The Ny­lan­der co­nun­drum

No right and wrong in con­tract stale­mate be­tween Leafs and for­ward

The Expositor (Brantford) - - SPORTS - STEVE SIM­MONS

Wil­liam Ny­lan­der may be stub­born and un­mov­ing in his con­tract snafu with the Maple Leafs, but he’s not nec­es­sar­ily wrong.

Kyle Dubas, the gen­eral man­ager, may be stub­born and un­mov­ing in this dis­pute with Ny­lan­der, but he and the Maple Leafs may not nec­es­sar­ily be wrong in how they have pro­ceeded to date in this grow­ing stale­mate with their young for­ward.

And therein is the real dif­fi­culty of this con­tract co­nun­drum for the Leafs.

There is not nec­es­sar­ily a bad guy here. There is not nec­es­sar­ily a side act­ing in­ap­pro­pri­ately. If you lis­ten hard enough to ei­ther side — and both aren’t say­ing much — there is no one be­ing ter­ri­bly un­rea­son­able.

But there are two opin­ions, ab­so­lutely wide apart, get­ting no closer to con­clu­sion, and no one yet seems will­ing to blink first — and some­one will have to blink for this to end.

The Leafs have looked to sign Ny­lan­der for some­where be­tween $6 mil­lion and $7 mil­lion a year, long-term, money rang­ing some­where be­tween $42 mil­lion and $56 mil­lion over the length of how­ever long the deal will be. Lifechang­ing money for Ny­lan­der and his fam­ily — and if the money is han­dled in­tel­li­gently and prop­erly over the next eight years, it will be life-al­ter­ing money for Ny­lan­der now and for his fam­ily long af­ter he is gone. So how do you say no to that? That’s what the Leafs are won­der­ing, watch­ing this team score at will in the early sea­son, miss­ing Ny­lan­der’s skill but not miss­ing a beat, it seems, of­fen­sively. There’s no real pres­sure point for the Leafs as the Dec. 1 dead­line ap­proaches.

The pres­sure, when Novem­ber be­gins, shifts sharply in the di­rec­tion of Ny­lan­der.

Ny­lan­der is look­ing for at least $8 mil­lion a sea­son. On the sur­face, that seems like a reach. But big­ger­pic­ture, over a pos­si­ble seven-year term, that’s about a $7 mil­lion dif­fer­ence from what he wants and what the Leafs will even­tu­ally sign him for. Half of that goes to taxes in a tax-heavy coun­try, which, over the length of this hy­po­thet­i­cal seven-year deal, is a dif­fer­ence of $3.5 mil­lion.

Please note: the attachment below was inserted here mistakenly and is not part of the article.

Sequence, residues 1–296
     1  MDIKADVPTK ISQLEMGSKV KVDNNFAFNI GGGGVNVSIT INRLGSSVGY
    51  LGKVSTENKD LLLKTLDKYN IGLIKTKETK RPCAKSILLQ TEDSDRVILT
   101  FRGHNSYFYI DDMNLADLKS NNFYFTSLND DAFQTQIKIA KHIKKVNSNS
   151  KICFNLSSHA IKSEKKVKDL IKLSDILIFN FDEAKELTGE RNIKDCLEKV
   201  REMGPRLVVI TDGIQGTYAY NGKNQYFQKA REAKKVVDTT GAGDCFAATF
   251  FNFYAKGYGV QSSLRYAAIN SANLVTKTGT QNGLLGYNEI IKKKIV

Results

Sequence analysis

Will Ny­lan­der’s life change if he’s made $45.5 mil­lion, for ex­am­ple, in­stead of $49 mil­lion, with an­other con­tract to sign af­ter this one? This may be dif­fi­cult to ex­plain to a 22-year-old with con­fi­dence and a be­lief in his skill set. This may be dif­fi­cult to com­pre­hend for an agent work­ing hard for his three per cent. But in a more global view, it’s some­thing Ny­lan­der should prob­a­bly con­sider.

Here’s the per­sonal part for Ny­lan­der or any­one else in his kind of sit­u­a­tion. You have to live with the deal you sign. You may love it on the day you put pen to pa­per — Nikita Kucherov did that with his bridge deal in Tampa Bay and wound up re­sent­ing it — but if Ny­lan­der signs some­where be­low $7 mil­lion a year, the dy­namic in the Maple Leafs dress­ing room may be chal­lenged in the fu­ture.

This is part of the per­sonal dif­fi­culty for Ny­lan­der and the Leafs. The club has a tem­plate of some sort sit­ting on as­sis­tant GM Bran­don Prid­ham’s desk, pro­ject­ing fu­ture salaries and fu­ture salary-cap lev­els not just for next sea­son and the year af­ter,but for years to come.

Af­ter the Ny­lan­der ne­go­ti­a­tion, there are deals to be made with Mitch Marner and Aus­ton Matthews. Each deal, in a way, af­fects the oth­ers.

And if you’re Ny­lan­der and you sign long-term at $6.8 mil­lion, for ex­am­ple, which is above mar­ket value for him un­der to­day’s salary struc­ture in the NHL, how do you feel when Marner signs for $9 mil­lion a year next sea­son — these num­bers are as­sumed and es­ti­mated — or Matthews comes in above John Tavares at around $12 mil­lion in the fu­ture?

Marner and Ny­lan­der are fas­ci­nat­ing points of com­par­i­son, even with a year’s dif­fer­ence be­tween the two. Both were rea­son­ably early first-round draft picks. In two full sea­sons, Marner scored 41 goals with the Leafs; Ny­lan­der scored 42. In two sea­sons, Marner has ac­cu­mu­lated 89 as­sists, eight more than Ny­lan­der, with sig­nif­i­cantly more power-play time. Ny­lan­der scored 49 even-strength points last sea­son, more goals than Marner, and also more as­sists.

In Year 1 of the post-sea­son, in the play­off se­ries against Wash­ing­ton, Ny­lan­der was dan­ger­ous, Marner not so much. Last April against Bos­ton, Marner was dan­ger­ous, Ny­lan­der rather in­vis­i­ble.

Marner is clearly trend­ing ahead of Ny­lan­der, but not sig­nif­i­cantly ahead.

The ques­tion then be­comes: Can Ny­lan­der live in an NHL cli­mate sur­rounded by play­ers he con­sid­ers to be some­what equals — al­though Matthews is putting that con­ver­sa­tion to rest — mak­ing sig­nif­i­cantly more money than him?

That would gnaw at some. Oth­ers would be se­cure enough in their own cir­cum­stance to not let it bother them.

We don’t know yet where Ny­lan­der fits on that scale. We don’t know how this will end, or when. This isn’t a hold­out, as many have termed it to be. You can’t hold out from a con­tract that isn’t signed.

This is a stale­mate. Two sep­a­rate is­lands and, as of Thurs­day af­ter­noon, no one mov­ing in any di­rec­tion at all.


The Toronto Maple Leafs Wil­liam Ny­lan­der cel­e­brates a goal against the Bos­ton Bru­ins dur­ing the 2018 NHL play­offs. The Leafs and Ny­lan­der re­main at a stale­mate with re­gards to the for­ward’s con­tract. Ny­lan­der is thought to be ask­ing for at least $8 mil­lion a sea­son, the Leafs are thought to be of­fer­ing be­tween $6 mil­lion and $7 mil­lion.

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